Each week NBA Australia‘s stable of experts - which this week includes Downtown’s Liam Santamaria, Tommy Greer and Michael Collins - takes a close look at the big issues in the NBA.
We’re just past the halfway point of the season, and there’s still plenty of basketball to be played.
This week, the Starting Five were tasked with coming up with some BOLD predictions for the second half of the season.
Liam Santamaria: Phoenix, not Oklahoma City, will make the playoffs
The Phoenix Suns – the team nobody outside of Arizona (and my house in Melbourne, Australia) wants in the playoffs – continue to hold down the hotly-contested eighth spot in the Western Conference Standings.
Sorry folks, I know you want to see KD and Westbrook in the postseason.
You’d even settle for Anthony Davis and his sprightly pod of Pelicans.
But it’s just not happening… the Suns ain’t budging.
Not after last year.
Last April, at the conclusion of head coach Jeff Hornacek’s first season at the helm, Phoenix missed the playoffs with an impressive 48-34 record.
It was a tough pill to swallow after a thrilling season of up-tempo overachieving.
Instead of pushing the Spurs in the opening round, Dragic and Co. joined the ‘07-08 Golden State Warriors as the winningest teams in the modern era to not make the playoffs.
In the current climate of lopsided conferences, 48 wins was seemingly no longer good enough in the wild, wild West.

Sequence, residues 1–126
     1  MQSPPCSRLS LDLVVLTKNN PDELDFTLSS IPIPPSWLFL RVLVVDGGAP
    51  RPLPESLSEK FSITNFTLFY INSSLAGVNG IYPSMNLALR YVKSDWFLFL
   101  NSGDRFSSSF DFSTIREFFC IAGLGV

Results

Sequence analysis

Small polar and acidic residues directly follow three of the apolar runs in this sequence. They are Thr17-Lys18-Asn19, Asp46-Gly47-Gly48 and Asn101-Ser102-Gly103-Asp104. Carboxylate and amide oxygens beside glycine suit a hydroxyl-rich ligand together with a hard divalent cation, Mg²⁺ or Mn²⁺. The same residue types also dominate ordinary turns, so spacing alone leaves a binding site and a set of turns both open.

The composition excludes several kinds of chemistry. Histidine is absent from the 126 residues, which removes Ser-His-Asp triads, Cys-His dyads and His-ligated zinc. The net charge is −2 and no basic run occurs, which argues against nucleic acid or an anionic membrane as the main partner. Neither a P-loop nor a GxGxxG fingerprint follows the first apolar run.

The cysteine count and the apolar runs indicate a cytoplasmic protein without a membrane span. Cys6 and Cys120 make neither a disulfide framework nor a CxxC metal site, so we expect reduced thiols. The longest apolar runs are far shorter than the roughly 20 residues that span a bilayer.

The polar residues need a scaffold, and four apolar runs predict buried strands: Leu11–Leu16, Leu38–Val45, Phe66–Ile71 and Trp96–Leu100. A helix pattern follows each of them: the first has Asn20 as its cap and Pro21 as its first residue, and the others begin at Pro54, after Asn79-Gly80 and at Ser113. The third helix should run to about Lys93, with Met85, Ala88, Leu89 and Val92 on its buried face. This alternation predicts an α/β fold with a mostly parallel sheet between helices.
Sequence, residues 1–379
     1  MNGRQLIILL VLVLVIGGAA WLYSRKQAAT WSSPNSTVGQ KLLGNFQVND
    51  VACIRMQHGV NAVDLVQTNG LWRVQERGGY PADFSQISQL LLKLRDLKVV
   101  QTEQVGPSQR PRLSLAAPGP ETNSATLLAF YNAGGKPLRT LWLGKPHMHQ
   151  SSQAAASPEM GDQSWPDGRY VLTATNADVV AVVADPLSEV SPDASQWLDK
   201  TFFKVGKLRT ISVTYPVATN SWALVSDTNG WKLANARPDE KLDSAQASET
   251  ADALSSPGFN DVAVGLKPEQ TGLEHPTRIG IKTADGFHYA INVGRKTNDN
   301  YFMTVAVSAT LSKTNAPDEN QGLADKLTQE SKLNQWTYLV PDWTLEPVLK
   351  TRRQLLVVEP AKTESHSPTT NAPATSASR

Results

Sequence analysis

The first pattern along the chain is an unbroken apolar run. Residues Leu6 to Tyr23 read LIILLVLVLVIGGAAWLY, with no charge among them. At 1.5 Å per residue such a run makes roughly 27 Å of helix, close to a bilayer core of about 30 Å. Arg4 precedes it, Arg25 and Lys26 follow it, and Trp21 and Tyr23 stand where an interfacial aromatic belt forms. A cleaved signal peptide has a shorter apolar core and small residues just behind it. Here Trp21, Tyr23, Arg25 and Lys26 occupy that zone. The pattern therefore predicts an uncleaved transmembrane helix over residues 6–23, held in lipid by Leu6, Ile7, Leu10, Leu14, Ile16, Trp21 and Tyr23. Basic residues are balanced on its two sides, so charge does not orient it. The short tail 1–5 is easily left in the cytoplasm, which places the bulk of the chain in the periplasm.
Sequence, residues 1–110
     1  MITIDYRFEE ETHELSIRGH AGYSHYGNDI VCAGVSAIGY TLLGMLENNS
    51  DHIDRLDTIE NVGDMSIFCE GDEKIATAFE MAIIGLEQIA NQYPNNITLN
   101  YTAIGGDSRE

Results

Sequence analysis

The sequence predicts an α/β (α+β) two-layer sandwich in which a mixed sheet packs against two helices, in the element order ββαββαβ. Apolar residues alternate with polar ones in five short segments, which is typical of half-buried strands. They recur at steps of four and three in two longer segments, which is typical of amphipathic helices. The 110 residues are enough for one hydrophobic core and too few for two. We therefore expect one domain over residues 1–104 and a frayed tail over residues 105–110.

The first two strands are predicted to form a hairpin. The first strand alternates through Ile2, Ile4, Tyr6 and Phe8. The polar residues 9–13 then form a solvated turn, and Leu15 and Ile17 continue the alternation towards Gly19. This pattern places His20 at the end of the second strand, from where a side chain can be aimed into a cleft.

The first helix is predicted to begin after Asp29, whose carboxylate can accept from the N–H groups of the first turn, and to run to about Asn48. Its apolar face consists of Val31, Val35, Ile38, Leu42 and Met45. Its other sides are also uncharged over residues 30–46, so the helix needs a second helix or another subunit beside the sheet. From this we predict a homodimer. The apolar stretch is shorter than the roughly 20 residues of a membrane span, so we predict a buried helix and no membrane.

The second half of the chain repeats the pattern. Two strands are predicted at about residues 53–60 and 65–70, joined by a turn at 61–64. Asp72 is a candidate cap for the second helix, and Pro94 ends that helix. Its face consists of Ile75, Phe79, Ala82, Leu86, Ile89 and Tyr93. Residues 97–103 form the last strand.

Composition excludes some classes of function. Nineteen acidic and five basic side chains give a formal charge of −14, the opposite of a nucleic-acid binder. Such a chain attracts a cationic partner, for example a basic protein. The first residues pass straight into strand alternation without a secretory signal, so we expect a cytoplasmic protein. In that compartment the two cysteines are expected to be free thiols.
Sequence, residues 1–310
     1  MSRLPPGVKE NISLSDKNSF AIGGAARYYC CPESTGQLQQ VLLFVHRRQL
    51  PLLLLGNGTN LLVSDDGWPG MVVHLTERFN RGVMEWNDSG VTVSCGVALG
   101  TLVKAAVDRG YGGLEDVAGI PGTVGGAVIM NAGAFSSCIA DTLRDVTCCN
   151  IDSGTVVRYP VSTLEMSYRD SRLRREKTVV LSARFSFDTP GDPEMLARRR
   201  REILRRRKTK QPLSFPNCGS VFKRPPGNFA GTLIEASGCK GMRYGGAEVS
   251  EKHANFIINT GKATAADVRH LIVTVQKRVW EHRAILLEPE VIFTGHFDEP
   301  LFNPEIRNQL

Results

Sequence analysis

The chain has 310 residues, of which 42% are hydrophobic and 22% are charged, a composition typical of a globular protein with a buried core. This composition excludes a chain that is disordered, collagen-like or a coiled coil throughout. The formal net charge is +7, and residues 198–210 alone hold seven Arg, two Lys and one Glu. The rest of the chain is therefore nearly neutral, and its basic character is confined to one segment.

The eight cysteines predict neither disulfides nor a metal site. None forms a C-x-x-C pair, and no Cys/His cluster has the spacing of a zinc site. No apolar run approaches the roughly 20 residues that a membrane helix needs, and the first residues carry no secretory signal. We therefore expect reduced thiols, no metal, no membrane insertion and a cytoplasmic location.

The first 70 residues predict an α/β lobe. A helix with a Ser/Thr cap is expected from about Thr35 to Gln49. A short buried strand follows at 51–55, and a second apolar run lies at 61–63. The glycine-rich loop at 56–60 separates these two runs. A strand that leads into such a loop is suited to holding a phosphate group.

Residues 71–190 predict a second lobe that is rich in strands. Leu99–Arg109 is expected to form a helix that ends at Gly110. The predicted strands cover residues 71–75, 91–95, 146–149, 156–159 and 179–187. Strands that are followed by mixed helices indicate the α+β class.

This year, however, the Suns will make the cut.
They’re currently 28-21 and have won 16 of their past 23 games since inserting centre Alex Len in the starting lineup.
The move has been a masterstroke, with the fifth pick from the 2013 Draft progressing ahead of schedule and improving the Suns’ leaky defence with his intimidating rim protection.
Hornacek has also decided to play scoring point guards Goran Dragic, Eric Bledsoe and Isaiah Thomas together more regularly – a kooky approach that has paid off in wins on numerous occasions.
Indeed, it has also helped that Oklahoma City just can’t seem to work themselves out.
Kevin Durant and Russell Westbrook have missed large chunks of time through injury, but as Grantland’s Zach Lowe tweeted yesterday, the Thunder have struggled even with their superstars in uniform. No team in NBA history has missed the playoffs with 49 wins so that represents a reasonable target for each of these teams to aim for.
Phoenix will need to go 21-12 (.636) the rest of the way to achieve it.
OKC will need to go 26-9 (.743).
For a team that won 72 percent of its games in each of the past two seasons, that’s not outside the realms of possibility but I’m sorry… I’m just not buying it. Not with what we’ve seen thus far.
The Phoenix Suns may not be ready to contend for a title like the Western Conference teams above them, but they will make the playoffs this season.
Perhaps then the disappointment of last year can be forgotten by those in Arizona (and my house).
Tommy Greer: Cleveland will take the second seed in the East
After hovering around .500 for most of the season, the Cleveland Cavaliers are now less than five games behind the second-placed Toronto Raptors in the Eastern Conference Standings.
Any team featuring four-time MVP LeBron James is going to be highly scrutinised and this team is no exception.
Since ‘the shove’, which was reported as a true indication of where LeBron and coach Blatt’s relationship stood, the Cavs have gone on a 10-game winning streak; the league’s second largest current win streak, behind the Eastern Spurs or the San Antonio Hawks (whichever you prefer).